Tensile Strength and its Implication on Quality Control
Stainless Steel tubing is used in a wide variety of industries, including: Semiconductor, Medical, Life Sciences and Aerospace. While heavily-regulated industries like BioTech and Aerospace have stringent regulations and inspections, the Semiconductor industry has few systems in place to account for quality control.
Ensuring Full Penetration
When working with tubing, a properly-executed weld will be fully penetrated. Although ensuring full penetration takes an extra step in tube welding, it ultimately guarantees greater strength and resistance to breakage.
Inferior weld joints on tubing assemblies that might become installed into gas carrying systems have greater potential for failure over time. While most purchased assemblies within the Semiconductor industry have already passed a standard helium leak test, the majority of buyers do not require any further weld testing before purchase. And, unfortunately, the standard helium leak test will not detect a weld joint with lack of full penetration.
Therefore, although not required by all industries, a tensile-strength test should always be performed on a weld joint before it is put into production, in order to ensure the integrity of the weld. To avoid costly and dangerous issues attributed to failed tubing assemblies, it is imperative for buyers and industry experts to be sure that purchased products have been assessed for quality by their chosen supplier.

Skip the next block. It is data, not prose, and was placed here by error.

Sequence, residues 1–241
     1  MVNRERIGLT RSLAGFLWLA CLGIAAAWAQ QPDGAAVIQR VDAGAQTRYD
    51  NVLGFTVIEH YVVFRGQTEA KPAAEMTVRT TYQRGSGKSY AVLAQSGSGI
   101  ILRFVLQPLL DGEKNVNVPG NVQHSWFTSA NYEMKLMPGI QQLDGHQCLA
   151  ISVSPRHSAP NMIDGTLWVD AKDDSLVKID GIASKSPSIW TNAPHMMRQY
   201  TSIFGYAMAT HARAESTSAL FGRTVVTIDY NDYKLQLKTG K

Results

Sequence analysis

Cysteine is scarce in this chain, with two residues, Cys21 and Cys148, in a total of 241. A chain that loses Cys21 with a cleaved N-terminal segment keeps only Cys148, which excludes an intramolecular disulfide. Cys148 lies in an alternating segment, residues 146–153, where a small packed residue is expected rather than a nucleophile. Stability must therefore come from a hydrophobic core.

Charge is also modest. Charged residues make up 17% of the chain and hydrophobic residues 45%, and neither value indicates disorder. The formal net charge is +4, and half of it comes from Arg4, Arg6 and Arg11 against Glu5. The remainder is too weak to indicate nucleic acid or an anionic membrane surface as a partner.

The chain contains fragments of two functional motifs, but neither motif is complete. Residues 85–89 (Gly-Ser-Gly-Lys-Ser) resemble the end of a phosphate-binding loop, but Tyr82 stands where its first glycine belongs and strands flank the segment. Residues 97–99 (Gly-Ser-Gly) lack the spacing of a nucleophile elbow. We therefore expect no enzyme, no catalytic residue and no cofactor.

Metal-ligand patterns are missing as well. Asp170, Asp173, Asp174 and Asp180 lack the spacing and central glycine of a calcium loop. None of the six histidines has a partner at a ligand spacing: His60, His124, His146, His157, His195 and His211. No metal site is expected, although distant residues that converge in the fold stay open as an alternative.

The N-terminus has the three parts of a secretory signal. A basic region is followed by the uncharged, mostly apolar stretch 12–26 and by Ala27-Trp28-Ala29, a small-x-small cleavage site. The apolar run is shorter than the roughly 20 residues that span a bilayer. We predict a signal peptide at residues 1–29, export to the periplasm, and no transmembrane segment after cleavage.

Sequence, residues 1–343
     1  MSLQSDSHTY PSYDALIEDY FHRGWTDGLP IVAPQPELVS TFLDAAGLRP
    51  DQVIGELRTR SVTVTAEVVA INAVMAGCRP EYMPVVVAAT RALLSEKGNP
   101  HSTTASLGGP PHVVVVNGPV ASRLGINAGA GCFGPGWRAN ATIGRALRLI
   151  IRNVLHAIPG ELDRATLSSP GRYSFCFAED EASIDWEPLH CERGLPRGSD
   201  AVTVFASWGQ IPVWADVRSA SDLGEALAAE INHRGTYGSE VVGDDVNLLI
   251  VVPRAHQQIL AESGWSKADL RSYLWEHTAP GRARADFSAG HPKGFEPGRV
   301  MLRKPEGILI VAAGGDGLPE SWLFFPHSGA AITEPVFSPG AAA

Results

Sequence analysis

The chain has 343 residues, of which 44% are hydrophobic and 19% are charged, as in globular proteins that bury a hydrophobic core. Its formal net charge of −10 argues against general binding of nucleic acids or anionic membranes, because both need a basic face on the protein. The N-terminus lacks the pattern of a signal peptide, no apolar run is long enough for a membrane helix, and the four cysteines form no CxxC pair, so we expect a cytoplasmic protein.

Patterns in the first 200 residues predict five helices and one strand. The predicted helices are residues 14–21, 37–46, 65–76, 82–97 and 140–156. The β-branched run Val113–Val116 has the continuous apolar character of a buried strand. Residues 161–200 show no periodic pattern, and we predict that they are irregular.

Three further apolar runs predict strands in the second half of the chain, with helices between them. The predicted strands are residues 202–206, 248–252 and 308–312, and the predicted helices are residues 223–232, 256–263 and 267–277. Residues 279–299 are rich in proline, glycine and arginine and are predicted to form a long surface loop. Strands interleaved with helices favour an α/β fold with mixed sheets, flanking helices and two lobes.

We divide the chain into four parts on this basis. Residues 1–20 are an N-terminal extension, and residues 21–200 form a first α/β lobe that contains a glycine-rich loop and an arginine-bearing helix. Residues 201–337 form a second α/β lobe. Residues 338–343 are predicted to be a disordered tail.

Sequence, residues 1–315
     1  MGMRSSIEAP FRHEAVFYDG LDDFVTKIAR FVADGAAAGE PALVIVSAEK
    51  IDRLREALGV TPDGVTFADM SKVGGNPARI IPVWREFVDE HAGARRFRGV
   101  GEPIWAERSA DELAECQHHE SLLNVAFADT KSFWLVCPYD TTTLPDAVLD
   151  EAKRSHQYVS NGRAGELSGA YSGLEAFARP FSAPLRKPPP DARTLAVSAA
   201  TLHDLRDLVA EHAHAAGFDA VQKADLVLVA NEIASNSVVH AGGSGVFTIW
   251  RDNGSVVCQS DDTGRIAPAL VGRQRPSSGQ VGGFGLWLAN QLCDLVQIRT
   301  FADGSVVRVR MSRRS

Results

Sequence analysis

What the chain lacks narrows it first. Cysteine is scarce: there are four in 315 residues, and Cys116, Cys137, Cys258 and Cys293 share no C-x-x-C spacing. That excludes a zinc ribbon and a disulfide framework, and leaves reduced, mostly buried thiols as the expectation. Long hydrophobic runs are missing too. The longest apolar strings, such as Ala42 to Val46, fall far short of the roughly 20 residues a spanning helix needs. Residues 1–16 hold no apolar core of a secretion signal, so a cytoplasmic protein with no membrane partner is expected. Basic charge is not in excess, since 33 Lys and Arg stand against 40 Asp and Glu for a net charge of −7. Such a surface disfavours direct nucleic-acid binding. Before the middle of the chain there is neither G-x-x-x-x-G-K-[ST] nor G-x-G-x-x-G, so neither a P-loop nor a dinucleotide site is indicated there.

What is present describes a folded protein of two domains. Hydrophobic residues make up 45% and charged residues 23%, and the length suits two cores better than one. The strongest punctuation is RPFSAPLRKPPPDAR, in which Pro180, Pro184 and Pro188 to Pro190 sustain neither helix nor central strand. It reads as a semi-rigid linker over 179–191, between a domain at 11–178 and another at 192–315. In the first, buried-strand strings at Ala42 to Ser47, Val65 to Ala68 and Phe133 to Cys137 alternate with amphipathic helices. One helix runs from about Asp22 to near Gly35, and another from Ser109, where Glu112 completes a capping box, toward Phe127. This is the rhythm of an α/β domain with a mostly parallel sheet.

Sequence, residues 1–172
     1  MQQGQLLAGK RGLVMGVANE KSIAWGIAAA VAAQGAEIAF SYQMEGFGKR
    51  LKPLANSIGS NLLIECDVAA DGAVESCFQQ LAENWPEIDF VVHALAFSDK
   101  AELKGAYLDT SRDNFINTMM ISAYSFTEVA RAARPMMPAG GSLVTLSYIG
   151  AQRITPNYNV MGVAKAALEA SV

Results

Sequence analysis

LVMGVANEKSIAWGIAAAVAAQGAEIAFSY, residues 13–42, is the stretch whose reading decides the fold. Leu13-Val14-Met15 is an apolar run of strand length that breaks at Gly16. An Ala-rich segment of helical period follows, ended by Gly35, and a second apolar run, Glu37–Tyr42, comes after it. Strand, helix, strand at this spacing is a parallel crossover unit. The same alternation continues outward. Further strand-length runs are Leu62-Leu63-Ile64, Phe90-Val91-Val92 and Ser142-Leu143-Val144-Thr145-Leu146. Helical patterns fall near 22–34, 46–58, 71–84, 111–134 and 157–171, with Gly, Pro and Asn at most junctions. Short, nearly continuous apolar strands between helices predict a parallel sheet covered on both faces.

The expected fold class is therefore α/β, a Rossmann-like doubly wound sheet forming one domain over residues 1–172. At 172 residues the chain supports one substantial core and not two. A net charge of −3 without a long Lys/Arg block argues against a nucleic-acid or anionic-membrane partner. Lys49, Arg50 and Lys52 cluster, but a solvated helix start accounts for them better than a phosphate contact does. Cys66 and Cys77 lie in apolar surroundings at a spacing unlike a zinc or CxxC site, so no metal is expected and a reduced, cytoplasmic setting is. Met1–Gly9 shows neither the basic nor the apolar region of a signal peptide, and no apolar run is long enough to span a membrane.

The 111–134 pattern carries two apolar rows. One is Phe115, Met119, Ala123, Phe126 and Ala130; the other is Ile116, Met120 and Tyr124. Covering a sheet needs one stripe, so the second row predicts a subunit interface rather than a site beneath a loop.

Calculating Tensile Strength
Ultimate tensile strength (often referred to as “tensile strength”) is the maximum stress that a material is able to withstand before failing or breaking. This is accomplished by using a machine to pull or stretch the material to its breaking point. The machine exerts increasing “pounds of force” until the material breaks.
Tensile strength can be measured by first taking the weld sample and cutting it in half, then flattening it. The following calculation can then be used to measure the tensile strength of the weld:
- Multiply: Width of Weld Sample by Height of Weld Sample = Area of Weld Sample
- Divide: Area of Weld Sample by Pounds of Force at breaking point
- Equals: PSI or Ultimate Strength
An Internal Tensile Strength Exercise
Axenics performed an internal tensile strength test by taking a sample of tubing with fully-penetrated welds and comparing it to a sample of tubing with non-penetrated welds. The results clearly showed that tubes with fully-penetrated welds broke at a much higher Ultimate Strength (PSI) than the partially-penetrated samples.
On the fully-penetrated samples, the breaking point was generally located outside of the weld joint, on the heat affected area of the tubing. However, 100% of the non-penetrated samples broke within the weld joint itself. This exercise proves just how crucial it is for a high level of performance in tube welding practices. You can download the full Tensile Strength Testing Report.
Choosing the Right Supplier
To ensure the products you purchase maintain the highest quality possible, it is essential to understand the testing and quality control procedures your supplier has in place. At Axenics, we have a number of systems in place to ensure quality, including performing tensile strength tests on random weld samples.